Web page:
Farewell note from departing UNICEF Representative Kari Egge.

August 2005

When I was leaving for Iran, three years ago, many people thought that I was extremely brave to take up the assignment as the UNICEF Representative here. People had preconceived ideas about living and working in Iran especially as a woman. I decided, however, to come with an open mind and have found the people of Iran to be committed, hospitable, interested and cooperative. Not once have I felt my gender to be an obstacle in my work.

Much has been achieved in the three years I have been here. I have seen strong government commitment on child and maternal health, education and early child care and HIV/AIDS grow. I see that Iran is among countries in the region with the greatest potential to sustain economic and social development indicators. Major progress is also visible in increased access to primary health services. Immunisation rates are impressively high – they are above 95% for the 6 major child-killer diseases. And of course there is Bam. Last week I made my last trip down there and I was struck by how much has been achieved since the earthquake. Buildings are now being constructed, schools rebuilt, work has started on the new citadel and the new hospital is fully operational. Progress is not only evident in physical reconstruction – people’s attitudes are changing too as they see their dreams and plans become reality.

But there are challenges.

There are significant disparities between provinces. In areas where UNICEF is now working, such as Sistan and Baluchistan and Hormozgan, it is clear that girls are missing out or being left behind. Many do not complete primary school and retention and transition to high school is very low. This is mainly because of the low quality of schooling, inexperienced teachers and negative attitudes towards girls’ education.

Education is critical to development. It is education that will provide the next generation with the tools to fight poverty and disease and it is parity in education that will ensure a future in which girls and boys are equally safe, healthy, protected and empowered.

If you look at the latest reports of human development indicators, Iran is doing very well.

But if there are 98% of children in school, we need to focus on the 2% who are not in school; if Iran has 90% immunization coverage, the focus should turn to the 10% of children who may die of disease.

Iran must also acknowledge that half its population is women. More focus needs to be placed on women’s empowerment and participation from the grassroots to the parliament for them to be able to realize their full potential. For women to have the opportunity to participate in the development of Iran, the Convention on the Elimination of all Discrimination Against Women (CEDAW) must soon be ratified. This will guarantee that women are not only recognized as full human beings but that also their rights to development are monitored by the international community.

I would also like to take this opportunity to raise another important issue – the death penalty for children. This is an issue that attracts a lot of negative publicity for the country, but most importantly, our concern is about the children on the death roll. There has been progress- for e.g. actions taken by the government to suspend certain cases and a moratorium placed on the death penalty for minors by the Judiciary, but still, children are being executed. This contravenes the Convention on the Rights of the Child which Iran has ratified. Ratification means that the state has taken on the obligation to respect the rights of children and protect them from any form of harmful practices. The death penalty is a severely harmful practice and most countries around the world have abolished it. I seriously urge Iran to follow their example.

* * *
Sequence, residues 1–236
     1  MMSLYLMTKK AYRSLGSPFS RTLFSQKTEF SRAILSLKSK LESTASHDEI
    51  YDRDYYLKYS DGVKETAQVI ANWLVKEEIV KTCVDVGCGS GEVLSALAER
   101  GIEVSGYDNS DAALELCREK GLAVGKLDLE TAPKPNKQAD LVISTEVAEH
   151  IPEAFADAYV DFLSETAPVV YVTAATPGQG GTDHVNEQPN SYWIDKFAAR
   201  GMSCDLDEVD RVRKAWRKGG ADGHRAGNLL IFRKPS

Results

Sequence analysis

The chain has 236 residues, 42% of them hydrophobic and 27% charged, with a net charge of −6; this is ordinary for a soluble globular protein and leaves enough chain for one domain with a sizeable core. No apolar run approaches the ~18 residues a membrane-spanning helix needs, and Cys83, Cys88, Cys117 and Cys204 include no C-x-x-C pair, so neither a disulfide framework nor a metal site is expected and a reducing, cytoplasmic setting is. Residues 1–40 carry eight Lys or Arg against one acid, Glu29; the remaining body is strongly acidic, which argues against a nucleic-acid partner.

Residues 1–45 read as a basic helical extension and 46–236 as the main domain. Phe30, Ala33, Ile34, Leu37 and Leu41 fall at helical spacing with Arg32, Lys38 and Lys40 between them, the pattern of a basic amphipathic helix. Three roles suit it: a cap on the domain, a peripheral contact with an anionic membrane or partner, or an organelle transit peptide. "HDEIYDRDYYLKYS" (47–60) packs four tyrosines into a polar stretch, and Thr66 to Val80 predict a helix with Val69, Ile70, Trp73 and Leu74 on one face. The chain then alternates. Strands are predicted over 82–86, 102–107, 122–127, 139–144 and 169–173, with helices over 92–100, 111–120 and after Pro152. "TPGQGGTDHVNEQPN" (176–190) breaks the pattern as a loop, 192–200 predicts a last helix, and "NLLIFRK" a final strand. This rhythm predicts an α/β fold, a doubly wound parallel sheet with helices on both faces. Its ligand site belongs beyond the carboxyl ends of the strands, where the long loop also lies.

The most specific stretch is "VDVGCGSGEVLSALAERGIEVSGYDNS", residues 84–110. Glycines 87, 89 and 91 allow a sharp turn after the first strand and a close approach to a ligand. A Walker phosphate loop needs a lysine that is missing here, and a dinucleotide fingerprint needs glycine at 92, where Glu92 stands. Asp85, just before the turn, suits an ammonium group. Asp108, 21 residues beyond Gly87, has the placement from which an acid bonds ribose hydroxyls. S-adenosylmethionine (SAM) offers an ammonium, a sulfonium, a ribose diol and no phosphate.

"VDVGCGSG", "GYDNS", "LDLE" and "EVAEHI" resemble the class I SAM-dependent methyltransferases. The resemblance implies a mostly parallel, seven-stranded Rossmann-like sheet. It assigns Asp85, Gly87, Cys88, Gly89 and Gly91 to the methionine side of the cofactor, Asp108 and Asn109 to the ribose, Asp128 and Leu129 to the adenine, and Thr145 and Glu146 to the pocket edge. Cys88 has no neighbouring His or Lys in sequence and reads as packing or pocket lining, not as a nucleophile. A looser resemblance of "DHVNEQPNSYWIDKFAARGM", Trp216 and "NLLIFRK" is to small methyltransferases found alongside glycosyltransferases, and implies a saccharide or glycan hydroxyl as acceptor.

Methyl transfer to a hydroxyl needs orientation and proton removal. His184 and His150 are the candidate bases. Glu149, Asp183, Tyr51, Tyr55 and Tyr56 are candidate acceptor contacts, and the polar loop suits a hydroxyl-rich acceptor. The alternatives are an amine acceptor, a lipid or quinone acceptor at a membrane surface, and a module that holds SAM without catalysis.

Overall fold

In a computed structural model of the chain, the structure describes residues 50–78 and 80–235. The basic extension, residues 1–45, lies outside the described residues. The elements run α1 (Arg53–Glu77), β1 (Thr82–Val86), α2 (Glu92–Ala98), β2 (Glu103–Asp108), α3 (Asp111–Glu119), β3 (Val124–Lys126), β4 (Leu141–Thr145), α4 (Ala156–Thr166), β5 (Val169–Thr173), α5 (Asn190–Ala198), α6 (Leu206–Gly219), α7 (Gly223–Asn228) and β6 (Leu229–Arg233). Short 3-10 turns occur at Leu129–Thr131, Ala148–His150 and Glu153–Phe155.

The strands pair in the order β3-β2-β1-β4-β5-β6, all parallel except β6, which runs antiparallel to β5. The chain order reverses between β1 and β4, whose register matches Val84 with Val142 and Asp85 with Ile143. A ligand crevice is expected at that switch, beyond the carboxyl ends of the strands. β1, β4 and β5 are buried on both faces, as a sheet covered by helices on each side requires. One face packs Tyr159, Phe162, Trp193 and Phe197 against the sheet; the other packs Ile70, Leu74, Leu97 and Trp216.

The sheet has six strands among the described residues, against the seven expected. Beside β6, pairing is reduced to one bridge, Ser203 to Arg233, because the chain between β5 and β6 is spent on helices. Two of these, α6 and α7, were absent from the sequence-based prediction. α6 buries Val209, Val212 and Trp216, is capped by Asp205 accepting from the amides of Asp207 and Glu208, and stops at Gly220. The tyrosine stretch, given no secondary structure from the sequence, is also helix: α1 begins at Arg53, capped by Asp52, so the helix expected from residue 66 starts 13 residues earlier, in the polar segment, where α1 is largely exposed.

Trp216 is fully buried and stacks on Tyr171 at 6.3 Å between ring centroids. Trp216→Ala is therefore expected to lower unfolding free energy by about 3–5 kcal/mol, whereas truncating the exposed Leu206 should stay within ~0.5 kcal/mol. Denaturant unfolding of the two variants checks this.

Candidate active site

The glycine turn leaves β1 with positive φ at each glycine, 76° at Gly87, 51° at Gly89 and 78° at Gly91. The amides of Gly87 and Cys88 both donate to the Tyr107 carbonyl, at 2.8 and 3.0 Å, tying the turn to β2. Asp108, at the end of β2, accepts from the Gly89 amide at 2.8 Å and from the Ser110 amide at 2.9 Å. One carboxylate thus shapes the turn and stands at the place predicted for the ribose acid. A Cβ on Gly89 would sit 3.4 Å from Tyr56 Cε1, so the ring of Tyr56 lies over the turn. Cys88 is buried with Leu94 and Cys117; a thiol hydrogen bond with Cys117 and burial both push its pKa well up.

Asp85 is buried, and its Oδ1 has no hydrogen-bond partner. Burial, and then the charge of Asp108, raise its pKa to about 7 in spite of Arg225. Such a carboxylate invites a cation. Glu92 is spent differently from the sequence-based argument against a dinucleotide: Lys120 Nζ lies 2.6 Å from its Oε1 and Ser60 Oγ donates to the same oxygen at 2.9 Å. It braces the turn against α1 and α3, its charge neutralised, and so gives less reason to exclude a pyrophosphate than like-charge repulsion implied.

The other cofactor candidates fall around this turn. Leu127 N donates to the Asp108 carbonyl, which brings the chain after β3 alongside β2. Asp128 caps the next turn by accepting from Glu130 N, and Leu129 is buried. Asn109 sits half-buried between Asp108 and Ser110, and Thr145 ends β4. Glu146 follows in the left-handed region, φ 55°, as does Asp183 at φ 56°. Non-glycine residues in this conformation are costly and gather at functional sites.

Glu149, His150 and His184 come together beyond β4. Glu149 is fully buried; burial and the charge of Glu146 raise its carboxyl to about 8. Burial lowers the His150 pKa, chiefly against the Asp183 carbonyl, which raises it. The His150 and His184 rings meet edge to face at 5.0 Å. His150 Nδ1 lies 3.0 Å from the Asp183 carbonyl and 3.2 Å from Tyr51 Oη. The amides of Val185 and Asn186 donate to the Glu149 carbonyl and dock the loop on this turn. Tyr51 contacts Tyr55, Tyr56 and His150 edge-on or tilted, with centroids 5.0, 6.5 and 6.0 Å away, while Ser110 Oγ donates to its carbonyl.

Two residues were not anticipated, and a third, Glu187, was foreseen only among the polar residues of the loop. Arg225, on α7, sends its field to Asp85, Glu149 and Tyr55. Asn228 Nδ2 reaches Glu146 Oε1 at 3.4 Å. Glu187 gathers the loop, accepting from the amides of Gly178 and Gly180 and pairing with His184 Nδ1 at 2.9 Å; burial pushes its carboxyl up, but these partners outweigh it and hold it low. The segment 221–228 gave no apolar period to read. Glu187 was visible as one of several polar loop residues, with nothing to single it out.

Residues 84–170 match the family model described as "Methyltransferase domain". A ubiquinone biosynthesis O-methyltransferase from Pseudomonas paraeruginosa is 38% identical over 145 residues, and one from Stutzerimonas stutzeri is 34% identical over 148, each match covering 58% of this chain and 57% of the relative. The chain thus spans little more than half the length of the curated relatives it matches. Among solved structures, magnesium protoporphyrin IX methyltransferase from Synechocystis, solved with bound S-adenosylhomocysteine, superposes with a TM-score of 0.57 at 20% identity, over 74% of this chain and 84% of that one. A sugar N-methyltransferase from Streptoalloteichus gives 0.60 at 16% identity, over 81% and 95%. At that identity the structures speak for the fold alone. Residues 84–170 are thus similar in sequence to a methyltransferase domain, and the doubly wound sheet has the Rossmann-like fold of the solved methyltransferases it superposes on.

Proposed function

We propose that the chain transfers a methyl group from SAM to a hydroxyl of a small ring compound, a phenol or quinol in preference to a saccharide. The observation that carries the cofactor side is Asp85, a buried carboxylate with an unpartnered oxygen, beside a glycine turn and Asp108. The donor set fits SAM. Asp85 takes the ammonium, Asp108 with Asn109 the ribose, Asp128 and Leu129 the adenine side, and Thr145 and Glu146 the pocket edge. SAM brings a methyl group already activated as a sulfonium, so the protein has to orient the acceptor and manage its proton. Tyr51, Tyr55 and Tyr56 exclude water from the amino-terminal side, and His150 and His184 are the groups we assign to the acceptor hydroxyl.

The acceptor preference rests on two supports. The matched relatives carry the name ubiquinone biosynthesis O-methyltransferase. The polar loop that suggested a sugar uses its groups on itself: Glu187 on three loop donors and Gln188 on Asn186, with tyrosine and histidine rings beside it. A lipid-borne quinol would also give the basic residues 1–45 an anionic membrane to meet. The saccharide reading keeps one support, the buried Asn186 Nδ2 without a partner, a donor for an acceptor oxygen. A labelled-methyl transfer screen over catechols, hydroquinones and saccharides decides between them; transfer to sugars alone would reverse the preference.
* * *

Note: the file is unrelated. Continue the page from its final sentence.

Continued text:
Finally, a subject that is very close to my heart – HIV/AIDS. Although prevalence is low, there are signs that the situation may change very rapidly. HIV/AIDS prevalence is no longer limited to drug users and prisoners. The virus is here in the general population and it is spreading fast.  The latest statistics reveal that the new cases are among young people between the ages of 15 to 24, and especially among girls and young women.  Iran has one of the youngest populations in the world - at least 70% are under the age of 30. The spread of the pandemic among the young needs to be confronted urgently. We need to raise awareness in schools and among the general public and we have to start with children from early school age.

Iran has been selected as a champion country for the upcoming Global Campaign on Children and AIDS.  This is a golden opportunity for Iran to show to the world that it takes the threat of AIDS seriously and that we all care about the rights of the young generation to prevention and protection against the disease. The window that people thought was fully open a few years ago is closing and it is closing fast. It is time to act now. When I worked in Africa, I lost many colleagues and friends to the epidemic. I have seen how victims suffer and I seriously hope we can avoid this in Iran. Children suffer the most as they are often orphaned or kicked out of school because of stigma and discrimination. I don’t think Iran would like to see a similar situation develop here. AIDS is a very expensive epidemic and in all countries affected by the disease we have seen strong set backs in terms of economic growth and social development. With the government’s focus on poverty eradication, I am sure that they will take this issue very seriously as we all know that the poor are much more at risk of infection and that poor girls and women are the most vulnerable. So let’s start with the children and women and start now.



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